One of the first things you must learn when diagnosed with diabetes is how to test your blood sugar. Your health care provider typically works with you to develop a testing schedule and recommends high and low blood sugar limits, both fasting and two hours after meals. Depending on your medication (insulin or oral medication), you may need to test several times a day.

Blood sugar testing basics

There are literally dozens of choices in blood glucose meters. Your health care provider may recommend a specific brand. He or she may even provide you with a meter, depending on your insurance. Your health care provider may also demonstrate the use of the lancing device, meter and its test strips.

Here are five things to remember when testing your blood sugar:

  • Keep it clean. Always wash your hands thoroughly before testing, and use an alcohol wipe before using the lancing device.

  • Use the right lancing device. Most lancing devices are spring-loaded to minimize flinching. Some are adjustable for degree of penetration. Most blood glucose meters come with a device, but if you don’t like the one you have, shop around.

  • Use the proper test strips. The blood glucose meter manufacturer calibrates the test strips to the meter. Third party test strips may be cheaper, but these strips may not work with all meters and could produce inaccurate results.

  • Keep a record of your results. Keeping track of your blood sugar levels is critical to adjusting your medication and diet to keep your blood sugar within proper limits. If your results vary widely, check with your heath care provider and compare their meter to yours. If your meter checks out, then your medication or diet may be out of whack.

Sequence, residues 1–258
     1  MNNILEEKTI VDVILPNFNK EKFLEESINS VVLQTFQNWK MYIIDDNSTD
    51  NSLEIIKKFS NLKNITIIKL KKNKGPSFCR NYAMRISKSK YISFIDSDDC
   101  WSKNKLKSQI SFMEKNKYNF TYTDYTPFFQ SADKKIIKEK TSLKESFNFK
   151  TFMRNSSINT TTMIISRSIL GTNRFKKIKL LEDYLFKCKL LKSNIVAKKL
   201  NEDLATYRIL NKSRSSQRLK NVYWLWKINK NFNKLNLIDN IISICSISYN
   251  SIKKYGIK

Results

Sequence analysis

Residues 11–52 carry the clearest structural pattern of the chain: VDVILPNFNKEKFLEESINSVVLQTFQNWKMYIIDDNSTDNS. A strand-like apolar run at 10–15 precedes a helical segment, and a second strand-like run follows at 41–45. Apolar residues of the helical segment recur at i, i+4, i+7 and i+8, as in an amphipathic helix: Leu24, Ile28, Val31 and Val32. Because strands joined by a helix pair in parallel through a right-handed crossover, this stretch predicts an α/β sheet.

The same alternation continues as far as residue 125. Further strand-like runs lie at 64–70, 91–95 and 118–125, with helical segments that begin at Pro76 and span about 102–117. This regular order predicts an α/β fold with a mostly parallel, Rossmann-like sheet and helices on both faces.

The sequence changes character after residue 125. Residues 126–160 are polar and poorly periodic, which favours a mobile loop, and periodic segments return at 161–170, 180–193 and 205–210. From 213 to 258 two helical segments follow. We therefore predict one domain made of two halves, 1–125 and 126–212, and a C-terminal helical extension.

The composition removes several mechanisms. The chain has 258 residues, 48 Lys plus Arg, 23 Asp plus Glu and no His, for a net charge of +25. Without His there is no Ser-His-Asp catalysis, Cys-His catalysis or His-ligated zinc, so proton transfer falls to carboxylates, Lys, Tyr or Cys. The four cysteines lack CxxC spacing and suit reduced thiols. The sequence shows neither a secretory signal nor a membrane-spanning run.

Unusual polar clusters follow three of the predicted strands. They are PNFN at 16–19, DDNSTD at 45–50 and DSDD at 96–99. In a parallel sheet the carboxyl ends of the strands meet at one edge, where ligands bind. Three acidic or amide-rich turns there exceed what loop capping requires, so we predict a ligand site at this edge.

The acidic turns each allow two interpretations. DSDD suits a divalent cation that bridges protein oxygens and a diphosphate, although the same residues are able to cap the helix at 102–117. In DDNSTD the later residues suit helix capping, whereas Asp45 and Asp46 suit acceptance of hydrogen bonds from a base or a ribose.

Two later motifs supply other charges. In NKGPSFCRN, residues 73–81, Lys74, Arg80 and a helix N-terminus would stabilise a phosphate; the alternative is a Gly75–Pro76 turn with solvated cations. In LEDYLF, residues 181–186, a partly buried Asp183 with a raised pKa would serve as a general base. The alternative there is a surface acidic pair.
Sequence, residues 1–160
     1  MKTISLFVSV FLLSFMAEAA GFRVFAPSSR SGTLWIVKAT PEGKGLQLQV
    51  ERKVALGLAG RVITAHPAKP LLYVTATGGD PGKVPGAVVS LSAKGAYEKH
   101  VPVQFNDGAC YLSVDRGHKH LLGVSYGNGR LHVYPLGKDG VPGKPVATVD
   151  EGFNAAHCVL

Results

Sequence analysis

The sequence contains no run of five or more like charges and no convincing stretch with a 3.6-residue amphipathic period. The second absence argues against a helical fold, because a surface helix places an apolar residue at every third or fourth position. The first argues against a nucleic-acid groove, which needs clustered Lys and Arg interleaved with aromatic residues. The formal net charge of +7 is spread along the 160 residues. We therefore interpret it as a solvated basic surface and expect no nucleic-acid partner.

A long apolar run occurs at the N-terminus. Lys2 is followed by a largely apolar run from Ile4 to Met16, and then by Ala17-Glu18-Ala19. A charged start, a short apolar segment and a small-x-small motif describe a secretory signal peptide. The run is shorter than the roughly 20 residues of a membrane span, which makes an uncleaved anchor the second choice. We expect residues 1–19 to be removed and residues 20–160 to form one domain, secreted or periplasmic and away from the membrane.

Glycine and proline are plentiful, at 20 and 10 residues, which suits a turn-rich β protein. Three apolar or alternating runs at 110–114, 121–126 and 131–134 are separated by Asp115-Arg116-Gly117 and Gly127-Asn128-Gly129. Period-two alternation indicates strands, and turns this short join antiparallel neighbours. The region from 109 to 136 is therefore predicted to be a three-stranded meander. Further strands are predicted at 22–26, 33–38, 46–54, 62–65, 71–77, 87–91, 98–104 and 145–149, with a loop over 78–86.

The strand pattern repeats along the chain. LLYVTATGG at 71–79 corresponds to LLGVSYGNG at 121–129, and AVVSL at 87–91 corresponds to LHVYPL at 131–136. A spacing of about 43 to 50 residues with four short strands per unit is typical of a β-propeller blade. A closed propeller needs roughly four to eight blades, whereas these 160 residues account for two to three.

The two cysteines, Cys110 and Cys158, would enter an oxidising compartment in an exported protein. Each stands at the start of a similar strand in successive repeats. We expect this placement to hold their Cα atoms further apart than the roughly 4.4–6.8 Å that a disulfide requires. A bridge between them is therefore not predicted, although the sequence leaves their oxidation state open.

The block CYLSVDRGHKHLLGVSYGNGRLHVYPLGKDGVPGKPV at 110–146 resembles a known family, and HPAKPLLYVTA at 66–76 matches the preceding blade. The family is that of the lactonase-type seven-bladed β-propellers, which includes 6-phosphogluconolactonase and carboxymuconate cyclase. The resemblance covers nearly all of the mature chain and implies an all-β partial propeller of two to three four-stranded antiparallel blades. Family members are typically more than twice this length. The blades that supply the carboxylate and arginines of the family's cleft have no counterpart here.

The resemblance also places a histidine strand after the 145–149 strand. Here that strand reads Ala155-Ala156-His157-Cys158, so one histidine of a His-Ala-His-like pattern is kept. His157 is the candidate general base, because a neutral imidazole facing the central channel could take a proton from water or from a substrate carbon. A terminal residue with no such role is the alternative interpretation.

• Maintain your meter. Keep it in a dry location at room temperature. Extreme heat, cold, or humidity can affect the accuracy of the readings. Check your meter’s accuracy with the control solution (provided with test strips) as directed, and change the batteries at recommended intervals.

Although most glucose meters test blood drawn from a finger prick, some meters allow testing from alternate sites such as the arm, palm or forearm. If your fingers are particularly sensitive, you may want to consider alternate site testing. Check with your health care provider before switching to alternate site testing. You should also have your health care provider check your A1c level at least annually. This measures the long-term average blood sugar. The American Diabetes Association recommends that you maintain your A1c at 6.5 or lower.